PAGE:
Like many of us, Maureen Roth made a resolution to lose weight this year. The 56-year-old went to the gym six times a week, weighed herself every Tuesday, cut out fats and sweets, and limited carbs. It’s a typical story, but one with a twist: Roth did it all publicly—sweating on the treadmill, grunting through the plank position and watching the dreaded numbers on the scale, all as part of KSDK’s Lose A Ton Challenge, the TV station’s St. Louis version of Biggest Loser.
Roth first heard about the contest in December. “Normally, I’m not one to enter a lot of contests, but I’m always up for something to help me lose weight,” she says. As soon as she saw the promotion for Lose A Ton, she sent the producers an e-mail, telling them she was a breast cancer survivor, and that she thought it was important that someone middle-aged be represented on the show. “There is a real need for women as they get older to understand how to deal with their weight,” Roth says.
In about a week, she became one of 20 semi-finalists chosen from among 300 entrants, and shortly after that, Roth was selected as one of 12 contestants.
Roth’s history with weight has been a battle of ups and downs. She was always trim until her 30s, she says, when she started to gain weight, culminating at 189 pounds before the show started. “With each child, it seemed like I lost the baby weight, but there was a little extra that I carried along,” she says. “I wasn’t good at taking care of myself, which I think is something a lot of women my generation encounter.”
Roth says she’s tried Weight Watchers about eight times, and while she had success, the pounds tended to creep back on. The difference with the Lose A Ton Challenge was the opportunity to work with a personal trainer. Every Monday, Roth and the other contestants met at the gym to work out, running on a treadmill at an increasingly difficult pace or following the complex aerobics routine of a trainer. Weigh-ins took place every other Tuesday, and Roth committed to working out six days a week with her personal trainer. “When I’d worked out in the past in the gym, I’d barely try and I’d say, OK, that’s enough,” she says. But just when she thought she was done with her trainer, he would ask for 10 more repetitions or 10 more minutes.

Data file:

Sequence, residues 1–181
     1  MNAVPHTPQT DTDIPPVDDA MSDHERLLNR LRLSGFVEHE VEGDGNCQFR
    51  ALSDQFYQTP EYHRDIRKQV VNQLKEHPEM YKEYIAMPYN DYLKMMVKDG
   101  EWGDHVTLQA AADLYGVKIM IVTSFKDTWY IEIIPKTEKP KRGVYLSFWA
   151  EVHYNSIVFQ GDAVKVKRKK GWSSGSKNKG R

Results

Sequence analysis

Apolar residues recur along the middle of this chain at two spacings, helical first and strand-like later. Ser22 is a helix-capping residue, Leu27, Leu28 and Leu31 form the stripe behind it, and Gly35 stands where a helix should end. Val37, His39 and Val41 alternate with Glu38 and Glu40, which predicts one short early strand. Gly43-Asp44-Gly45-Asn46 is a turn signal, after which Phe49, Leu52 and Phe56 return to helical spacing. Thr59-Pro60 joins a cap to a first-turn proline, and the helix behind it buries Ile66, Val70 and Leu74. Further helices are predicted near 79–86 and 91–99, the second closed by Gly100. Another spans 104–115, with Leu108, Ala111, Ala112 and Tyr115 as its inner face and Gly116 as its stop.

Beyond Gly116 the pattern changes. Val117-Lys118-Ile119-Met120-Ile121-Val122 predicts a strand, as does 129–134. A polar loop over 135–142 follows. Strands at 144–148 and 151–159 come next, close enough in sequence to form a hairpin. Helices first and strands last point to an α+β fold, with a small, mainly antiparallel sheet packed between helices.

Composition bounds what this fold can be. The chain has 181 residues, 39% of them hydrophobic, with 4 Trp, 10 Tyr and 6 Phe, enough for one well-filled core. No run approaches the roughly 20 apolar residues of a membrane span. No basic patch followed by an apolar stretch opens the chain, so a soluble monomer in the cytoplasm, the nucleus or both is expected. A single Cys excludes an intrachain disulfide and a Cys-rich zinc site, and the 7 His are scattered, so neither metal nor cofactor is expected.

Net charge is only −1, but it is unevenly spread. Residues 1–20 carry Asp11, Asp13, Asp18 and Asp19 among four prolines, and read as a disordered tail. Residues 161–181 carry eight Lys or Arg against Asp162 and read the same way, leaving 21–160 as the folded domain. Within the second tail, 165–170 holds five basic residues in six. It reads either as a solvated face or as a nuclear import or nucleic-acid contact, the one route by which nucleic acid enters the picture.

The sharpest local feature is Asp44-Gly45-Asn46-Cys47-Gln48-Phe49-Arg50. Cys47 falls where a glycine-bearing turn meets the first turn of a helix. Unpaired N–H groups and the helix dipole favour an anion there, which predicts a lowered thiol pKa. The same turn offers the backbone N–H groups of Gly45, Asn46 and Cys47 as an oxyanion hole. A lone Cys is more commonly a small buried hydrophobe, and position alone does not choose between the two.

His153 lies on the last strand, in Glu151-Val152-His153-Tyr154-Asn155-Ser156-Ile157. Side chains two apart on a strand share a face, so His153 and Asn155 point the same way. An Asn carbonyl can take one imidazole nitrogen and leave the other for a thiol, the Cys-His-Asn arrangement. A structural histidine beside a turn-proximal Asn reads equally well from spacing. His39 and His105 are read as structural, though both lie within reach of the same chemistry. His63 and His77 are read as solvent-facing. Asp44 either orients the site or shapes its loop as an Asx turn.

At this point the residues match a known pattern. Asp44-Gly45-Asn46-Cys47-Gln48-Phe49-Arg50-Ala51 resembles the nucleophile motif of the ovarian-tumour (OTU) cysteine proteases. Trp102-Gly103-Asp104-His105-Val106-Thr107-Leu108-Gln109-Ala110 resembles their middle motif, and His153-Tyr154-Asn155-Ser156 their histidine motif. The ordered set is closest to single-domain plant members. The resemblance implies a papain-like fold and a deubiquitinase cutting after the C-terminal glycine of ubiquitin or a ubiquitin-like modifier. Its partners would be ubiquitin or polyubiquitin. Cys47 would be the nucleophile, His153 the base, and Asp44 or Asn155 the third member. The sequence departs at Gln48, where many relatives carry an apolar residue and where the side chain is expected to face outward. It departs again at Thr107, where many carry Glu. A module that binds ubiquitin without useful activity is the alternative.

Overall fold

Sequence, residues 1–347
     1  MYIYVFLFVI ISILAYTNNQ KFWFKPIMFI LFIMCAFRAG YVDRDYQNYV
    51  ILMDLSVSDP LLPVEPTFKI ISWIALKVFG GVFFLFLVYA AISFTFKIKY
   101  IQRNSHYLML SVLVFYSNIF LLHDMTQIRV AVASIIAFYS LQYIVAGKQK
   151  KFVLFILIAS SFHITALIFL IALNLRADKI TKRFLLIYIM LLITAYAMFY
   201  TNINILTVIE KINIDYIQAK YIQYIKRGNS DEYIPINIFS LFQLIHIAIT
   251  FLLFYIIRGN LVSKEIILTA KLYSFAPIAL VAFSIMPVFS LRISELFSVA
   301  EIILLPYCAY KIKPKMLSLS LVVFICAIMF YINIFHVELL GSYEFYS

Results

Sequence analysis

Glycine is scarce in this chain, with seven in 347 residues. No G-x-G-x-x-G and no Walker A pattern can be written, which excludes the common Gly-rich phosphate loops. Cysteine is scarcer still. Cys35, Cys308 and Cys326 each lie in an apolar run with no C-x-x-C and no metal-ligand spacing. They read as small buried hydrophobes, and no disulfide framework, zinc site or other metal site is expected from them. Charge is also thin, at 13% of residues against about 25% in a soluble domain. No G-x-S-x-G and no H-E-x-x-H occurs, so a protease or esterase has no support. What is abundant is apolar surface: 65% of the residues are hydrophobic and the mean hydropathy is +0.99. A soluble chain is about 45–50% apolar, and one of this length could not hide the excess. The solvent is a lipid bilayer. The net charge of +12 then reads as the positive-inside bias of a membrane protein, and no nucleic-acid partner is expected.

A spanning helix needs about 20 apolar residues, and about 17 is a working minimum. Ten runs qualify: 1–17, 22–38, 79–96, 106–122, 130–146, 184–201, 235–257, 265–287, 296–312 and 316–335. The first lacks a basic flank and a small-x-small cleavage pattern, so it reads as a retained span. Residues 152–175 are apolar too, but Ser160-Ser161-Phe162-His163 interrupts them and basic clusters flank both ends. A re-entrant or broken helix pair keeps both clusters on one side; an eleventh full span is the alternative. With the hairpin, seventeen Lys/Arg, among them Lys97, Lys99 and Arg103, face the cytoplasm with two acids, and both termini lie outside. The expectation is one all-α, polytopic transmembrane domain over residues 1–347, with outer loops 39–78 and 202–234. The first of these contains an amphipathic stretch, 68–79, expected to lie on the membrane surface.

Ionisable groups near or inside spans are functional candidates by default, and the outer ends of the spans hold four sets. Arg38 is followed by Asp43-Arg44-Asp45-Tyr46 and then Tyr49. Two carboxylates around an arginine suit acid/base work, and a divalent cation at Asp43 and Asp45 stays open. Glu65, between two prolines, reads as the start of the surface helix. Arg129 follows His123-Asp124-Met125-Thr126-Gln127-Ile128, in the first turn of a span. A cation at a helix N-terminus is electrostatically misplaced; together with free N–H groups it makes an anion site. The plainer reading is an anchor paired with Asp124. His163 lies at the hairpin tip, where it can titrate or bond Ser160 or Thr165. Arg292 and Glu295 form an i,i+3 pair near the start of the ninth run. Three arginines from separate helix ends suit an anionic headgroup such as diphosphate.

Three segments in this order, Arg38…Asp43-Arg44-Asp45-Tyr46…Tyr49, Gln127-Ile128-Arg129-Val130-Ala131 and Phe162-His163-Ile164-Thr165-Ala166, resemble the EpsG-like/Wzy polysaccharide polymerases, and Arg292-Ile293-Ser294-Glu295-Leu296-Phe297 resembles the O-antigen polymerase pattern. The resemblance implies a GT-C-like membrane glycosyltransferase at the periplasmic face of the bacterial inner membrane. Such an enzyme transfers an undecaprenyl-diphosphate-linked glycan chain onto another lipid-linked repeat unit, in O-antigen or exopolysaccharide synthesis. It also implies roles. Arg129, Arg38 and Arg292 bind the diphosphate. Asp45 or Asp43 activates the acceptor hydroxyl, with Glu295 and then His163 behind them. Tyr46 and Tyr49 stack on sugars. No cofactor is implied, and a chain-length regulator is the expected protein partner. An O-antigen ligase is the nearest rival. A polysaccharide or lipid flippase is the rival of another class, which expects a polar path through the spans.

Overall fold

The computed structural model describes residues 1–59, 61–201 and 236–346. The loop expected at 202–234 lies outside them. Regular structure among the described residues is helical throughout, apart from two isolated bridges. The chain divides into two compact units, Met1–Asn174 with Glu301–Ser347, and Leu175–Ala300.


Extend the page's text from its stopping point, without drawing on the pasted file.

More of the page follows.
Having a trainer and a public forum for her weight loss meant she had to be accountable, Roth says. During the first 12 days of the contest, she lost an impressive 10 pounds. “I didn’t starve or run a marathon, but I did work as hard as I have ever worked and ate as healthy as I have ever eaten,” she wrote on her blog. “I was on cloud 9!”
About a month into the contest, Roth was served with her own personal challenge when she fractured her foot. She didn’t let that stop her, however—she continued to work out on the bike and in the pool.
But at the next weigh-in, Roth found out that she had lost only three more pounds—putting her among the bottom two contestants in percentage weight lost, and meaning she was up for elimination based on KSDK’s web votes. Roth got the fewest votes, so she became an ‘at-home contestant.’ But she hasn’t stopped training—She’s still going to a personal trainer (although she pays for it now) and just got her boot off March 18. Although her foot was still swollen, she was back on the elliptical the next day.
The final Lose A Ton weigh-in will be aired live Friday, April 30. Roth is still working hard, but now, she says, her concern is putting those practices to work—day after day after day. “That’s probably the scariest part to me: Once I get to my goal (weight), then what do I do?” Roth says. She hopes to lose a total of 35 pounds—and keep them off. She’d also like to keep in touch with the other contestants, maybe getting together now and then for fitness events. In fact, she says, she’s already asked them to join her for a 5K in May. “I don’t want to go through this again,” she says.
Roth is also continuing to write her blog (theweightisover-maureen.blogspot.com). “This is my journey, but I really wanted it to be more. I wanted it to be a journey for breast cancer survivors, and for anybody out there fighting this who knows what it’s like to be overweight.”